The month of July’s flower is the larkspur. It can be a little confusing, because the larkspur shares its common name with the delphinium, its close relative. Both are in the Ranunculaceae family (buttercup). And both are named for the shape of their flowers. The spur of larkspur looks like a bird’s claw, hence its name larkspur, lark’s heel, and lark’s claw. Its more delicate foliage also differentiates it from the delphinium. The scientific name is taken from the shape of the bud, which is thought to look like a (rather fat) dolphin. Other sources connect it to the Oracle at Delphi.
The delphinium name comes to us from the legend of Ajax, one of the heroes of Homer’s poems. According to Greek legend, Achilles’ mother requested that her son’s armor be given to the most heroic Greek warrior during the Battle of Troy. To the dismay of the great warrior Ajax, the armor was awarded to Ulysses. In despair, Ajax threw himself on his sword, and small blue flowers sprang from the blood that fell to the ground. Upon their leaves were the first two letters of his name “Ai” which is also Greek for “woe.” The flowers were thus given the Latin name – Delphinium ajacis.
But the larkspur has other, more cheerful stories associated with it. For instance, pioneers crossing the North American prairies in the mid-1800s found it growing wild. With its tall, slender flowers, the meadows full of white, blue, purple, red and lavender were a heartening sight, as long as the cattle didn’t graze upon the flowers, of course!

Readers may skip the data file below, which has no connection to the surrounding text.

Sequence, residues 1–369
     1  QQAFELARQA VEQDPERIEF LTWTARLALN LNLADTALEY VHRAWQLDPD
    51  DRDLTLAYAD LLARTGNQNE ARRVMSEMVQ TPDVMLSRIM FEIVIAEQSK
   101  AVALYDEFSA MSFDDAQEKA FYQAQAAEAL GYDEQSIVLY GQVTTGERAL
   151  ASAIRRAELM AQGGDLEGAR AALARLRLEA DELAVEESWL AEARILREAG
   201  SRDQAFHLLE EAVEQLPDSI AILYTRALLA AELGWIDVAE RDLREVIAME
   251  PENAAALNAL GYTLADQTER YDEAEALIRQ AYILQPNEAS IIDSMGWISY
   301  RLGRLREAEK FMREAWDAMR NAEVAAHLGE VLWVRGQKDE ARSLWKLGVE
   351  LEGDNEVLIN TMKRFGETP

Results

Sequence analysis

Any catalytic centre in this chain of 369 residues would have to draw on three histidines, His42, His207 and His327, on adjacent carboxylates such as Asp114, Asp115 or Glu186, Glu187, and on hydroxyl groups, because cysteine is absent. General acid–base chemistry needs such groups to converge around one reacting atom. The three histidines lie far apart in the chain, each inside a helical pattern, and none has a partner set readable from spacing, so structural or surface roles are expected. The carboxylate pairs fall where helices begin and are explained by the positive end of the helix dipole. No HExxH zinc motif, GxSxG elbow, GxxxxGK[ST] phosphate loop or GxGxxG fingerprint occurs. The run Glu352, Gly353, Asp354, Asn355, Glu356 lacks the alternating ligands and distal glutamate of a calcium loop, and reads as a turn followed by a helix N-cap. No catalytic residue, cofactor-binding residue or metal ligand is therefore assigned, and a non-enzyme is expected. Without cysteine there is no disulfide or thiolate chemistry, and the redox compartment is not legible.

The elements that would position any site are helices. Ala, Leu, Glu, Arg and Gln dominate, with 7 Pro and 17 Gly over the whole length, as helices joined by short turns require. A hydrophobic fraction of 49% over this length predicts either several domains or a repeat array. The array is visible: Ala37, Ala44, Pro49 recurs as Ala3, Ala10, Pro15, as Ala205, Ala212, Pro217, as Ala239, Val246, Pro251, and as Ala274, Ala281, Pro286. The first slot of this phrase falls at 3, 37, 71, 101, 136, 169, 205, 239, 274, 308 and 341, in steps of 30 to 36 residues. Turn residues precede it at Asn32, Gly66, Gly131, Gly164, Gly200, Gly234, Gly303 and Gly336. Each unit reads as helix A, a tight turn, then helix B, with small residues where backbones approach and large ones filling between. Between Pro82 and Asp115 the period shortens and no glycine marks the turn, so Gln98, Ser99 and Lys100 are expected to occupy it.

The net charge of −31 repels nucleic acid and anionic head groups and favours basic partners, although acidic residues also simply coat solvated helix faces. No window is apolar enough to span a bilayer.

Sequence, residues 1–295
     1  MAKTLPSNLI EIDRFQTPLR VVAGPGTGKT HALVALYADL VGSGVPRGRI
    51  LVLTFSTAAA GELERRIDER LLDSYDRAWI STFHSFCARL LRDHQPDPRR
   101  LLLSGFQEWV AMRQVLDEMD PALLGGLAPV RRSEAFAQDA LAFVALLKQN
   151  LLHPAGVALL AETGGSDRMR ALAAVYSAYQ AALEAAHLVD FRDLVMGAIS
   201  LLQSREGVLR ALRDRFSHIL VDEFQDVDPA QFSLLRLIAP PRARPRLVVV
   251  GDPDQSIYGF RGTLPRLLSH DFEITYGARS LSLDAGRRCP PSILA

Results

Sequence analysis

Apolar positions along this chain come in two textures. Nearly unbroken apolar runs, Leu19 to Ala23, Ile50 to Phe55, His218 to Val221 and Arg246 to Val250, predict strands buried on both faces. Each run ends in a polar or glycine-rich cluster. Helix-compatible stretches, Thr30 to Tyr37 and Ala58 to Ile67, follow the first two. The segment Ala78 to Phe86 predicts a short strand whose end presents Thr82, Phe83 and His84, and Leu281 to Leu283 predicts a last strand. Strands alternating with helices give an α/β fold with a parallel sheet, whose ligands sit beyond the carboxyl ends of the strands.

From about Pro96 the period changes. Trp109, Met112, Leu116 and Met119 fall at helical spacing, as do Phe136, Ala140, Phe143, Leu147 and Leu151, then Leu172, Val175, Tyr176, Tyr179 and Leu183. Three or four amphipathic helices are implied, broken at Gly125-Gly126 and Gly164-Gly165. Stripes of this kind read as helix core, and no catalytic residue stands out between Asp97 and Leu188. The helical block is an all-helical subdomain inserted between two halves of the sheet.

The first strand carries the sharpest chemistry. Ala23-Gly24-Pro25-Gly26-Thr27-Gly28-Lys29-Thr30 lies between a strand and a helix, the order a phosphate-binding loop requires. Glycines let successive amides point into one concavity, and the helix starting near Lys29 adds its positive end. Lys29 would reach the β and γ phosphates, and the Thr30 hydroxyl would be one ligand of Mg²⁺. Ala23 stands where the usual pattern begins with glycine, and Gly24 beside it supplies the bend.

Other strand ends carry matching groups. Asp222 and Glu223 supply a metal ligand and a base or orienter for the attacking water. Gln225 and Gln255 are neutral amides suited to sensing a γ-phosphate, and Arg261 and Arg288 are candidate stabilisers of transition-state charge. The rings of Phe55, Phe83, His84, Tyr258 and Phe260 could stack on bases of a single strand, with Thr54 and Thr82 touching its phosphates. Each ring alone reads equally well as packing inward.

According to one legend, the Crane boys, a pair of mischievous youths hoping to strike it rich during the Gold Rush of 1849, left their home in the Midwest and headed for the California coast. Throughout the journey across the plains, the boys encountered countless attacks from poisonous snakes and other deadly species. Finally, they were saved when they made a circle every night of tall larkspur, which protected them for the rest of their journey.
All parts of the plant contain an alkaloid delphinine and are very poisonous, causing vomiting when eaten, and death in larger amounts. But in tiny amounts, extracts of the plant have been used in herbal medicine.
Gerard’s Herbal (1597) reports that some (although not he himself) believed that drinking the seed of larkspur would help against the stings of scorpions, and that other poisonous animals could not move when covered by the herb. The famous Mrs. Grieve’s Herbal (1931) reports that the poisonous seeds were effective combating lice and their nits in the hair. And a tincture is sometimes used to treat asthma and dropsy.
The plant was associated with Saint Odile, the 4th century patroness of good eyesight and whose feast day is July 18. So it has been used to ward against and treat eye diseases. It is also one of the herbs used on the feast of St. John (Summer Solstice) to protect against lightning. And in Transylvania, it was used to keep Witches out of the stables.
Delphiniums signify an open heart and ardent attachment; larkspurs generally symbolize lightness and swiftness.
Tomorrow, we’ll begin considering one of the most powerful magical flowers, the Queen of the Garden, in fact. See you then!